Solid Electrolyte Interface (SEI) in Sodium Ion Batteries

Valmik Lakhlani
December 11, 2018

Submitted as coursework for PH240, Stanford University, Fall 2018

Sodium Ion vs Lithium Ion Batteries

Fig. 1: SEI formation in Li-ion battery systems. (Source: Wikimedia Commons)

Increasing demand for high-density energy storage is driving a search for new alternatives to the high cost and low availability of the lithium ion batteries used on a large proportion in today's time. Sodium-ion batteries offer an affordable and earth-abundant alternative to lithium-ion batteries. [1]

While significant research progress has been made in developing electrode materials with high charge storage capacities and rate capability, the success of sodium-ion batteries is hindered by unstable formation of the surface-electrolyte interphase (SEI). [2]

While SEI formation has been the focus of significant research interest in lithium-ion systems, it is still poorly understood in the context of sodium-ion batteries; due to notable differences between sodium and lithium, including increased sodium reactivity and increased solubility of degradation products, which means that knowledge does not directly translate from lithium research into sodium. This is the reason why it is essential to understand it further. Fig. 1 shows the researched SEI layer formation in lithium ion systems. [1]

What Is the SEI and Why Is It Important?

The solid electrolyte interphase (SEI) is a layer that forms at the anode surface for all alkali metal ion batteries which utilize liquid electrolytes. [3]

Within sodium ion batteries, sodium ions are transferred from a cathode to an anode through an electrolyte during charging and then from the anode to the cathode during discharging. As the battery is cycled, a solid layer builds up at the interface between the electrolyte and the electrodes. This layer is called the solid electrolyte interphase (SEI) and it is formed mainly from decomposition products of the electrolyte. [2,3]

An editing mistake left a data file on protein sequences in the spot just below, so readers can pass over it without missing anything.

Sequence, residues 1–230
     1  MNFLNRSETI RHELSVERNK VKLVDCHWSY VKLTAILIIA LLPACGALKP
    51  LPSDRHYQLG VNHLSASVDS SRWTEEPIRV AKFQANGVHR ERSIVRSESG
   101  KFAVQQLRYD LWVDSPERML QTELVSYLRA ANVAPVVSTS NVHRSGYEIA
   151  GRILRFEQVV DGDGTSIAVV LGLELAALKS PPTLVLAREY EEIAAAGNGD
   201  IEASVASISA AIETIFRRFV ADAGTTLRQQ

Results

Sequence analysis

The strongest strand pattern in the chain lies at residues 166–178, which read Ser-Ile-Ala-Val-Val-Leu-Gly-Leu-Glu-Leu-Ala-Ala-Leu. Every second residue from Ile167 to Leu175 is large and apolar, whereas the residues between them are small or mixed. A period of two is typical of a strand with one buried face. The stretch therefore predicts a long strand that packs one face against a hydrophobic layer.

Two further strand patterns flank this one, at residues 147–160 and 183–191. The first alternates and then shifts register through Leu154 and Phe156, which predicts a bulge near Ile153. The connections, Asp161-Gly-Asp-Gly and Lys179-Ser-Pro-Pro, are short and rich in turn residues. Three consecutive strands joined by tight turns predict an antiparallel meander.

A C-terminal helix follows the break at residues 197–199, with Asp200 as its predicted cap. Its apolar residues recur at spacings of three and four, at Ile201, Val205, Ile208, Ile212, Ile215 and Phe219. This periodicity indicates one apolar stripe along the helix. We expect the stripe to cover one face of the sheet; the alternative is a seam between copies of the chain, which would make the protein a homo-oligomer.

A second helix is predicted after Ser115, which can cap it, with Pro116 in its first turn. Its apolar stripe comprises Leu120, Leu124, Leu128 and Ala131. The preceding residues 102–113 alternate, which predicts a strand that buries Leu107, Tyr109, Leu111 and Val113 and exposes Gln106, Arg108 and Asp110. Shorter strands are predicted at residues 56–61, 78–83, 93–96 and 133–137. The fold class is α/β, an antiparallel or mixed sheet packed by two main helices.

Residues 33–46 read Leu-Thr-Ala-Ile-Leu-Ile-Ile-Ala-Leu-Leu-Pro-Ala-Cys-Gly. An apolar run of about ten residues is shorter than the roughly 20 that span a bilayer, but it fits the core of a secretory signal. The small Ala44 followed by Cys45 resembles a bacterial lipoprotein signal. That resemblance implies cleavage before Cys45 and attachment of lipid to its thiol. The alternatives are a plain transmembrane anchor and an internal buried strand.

The SEI is of crucial importance to the battery as it protects the anode by inhibiting the transfer of electrons from the anode to the electrolyte, whilst also allowing sodium ions to transfer from the electrolyte to the anode. The ideal SEI is therefore both an ionic conductor and an electrical insulator. [3]

Hence it is proving to be an essential component in battery systems can be a potential asset towards improving conductivity of ions especially at the electrodes. However the formation of the SEI results in an irreversible capacity loss, so it is essential to understand it, to make the optimum use of it. [3]

Fig. 2: Sodium Ion Battery System. (Source: Wikimedia Commons)

Operation and SEI for Na Ion Batteries

The operation of Na-ion batteries is similar to that of Li-ion batteries, and it commonly uses sodium hexafluorophosphate (NaPF6) dissolved in a mixture of alkyl carbonates as the electrolyte solution and two high-/low-potential operation electrodes exhibiting reversible redox reactions with Na ions. This is illustrated in Fig. 2. [4]

Due to the limitations posed by Na-ion intercalation into graphite (e.g., Na-ion intercalation leads to a low storage capacity of 248 mA h/g versus < 372 mAh/g for Li-ions), hard carbons are used as the intercalation material for the anode in Na-ion batteries. The reactions that take place in Na-ion batteries lead to the formation of a nonuniform SEI layer that consists of inorganic compounds, sodium carbonate and NaCO3R (R = alkyl) in ethylene-carbonate-/propylene-carbonate-based (EC-/PC-based) electrolytes.

However, the reaction of the hard carbon is reversible, as the sodium cell is composed of inorganic compounds rather than the organic compounds one has in Li-ion battery systems - that cause irreversibility. [4,5]

Findings and Developing Improved Strategies

For high capacity anodes in sodium ion batteries, it is found that continued cycling of the battery ruptures the SEI and exposes new areas of the anode surface where the electrolyte will reduce. This effect is prominent as it is hampered by the higher solubility of SEI components such as sodium salts in comparison to the lithium analogues. The SEI layer can lead to loss of charge carriers and slower ionic transport among other factors that contribute to battery failure. [4]

Recent work has suggested that the initially formed SEI layer can be tuned to improve the ionic transport within the SEI layer of Li-ion and Na-ion batteries. It is possible to design a stable SEI layer by pre-cycling the electrode in desired Na-based electrolyte and that the ionic transport can be tuned by preforming SEI layers of specific compositions. [4,6]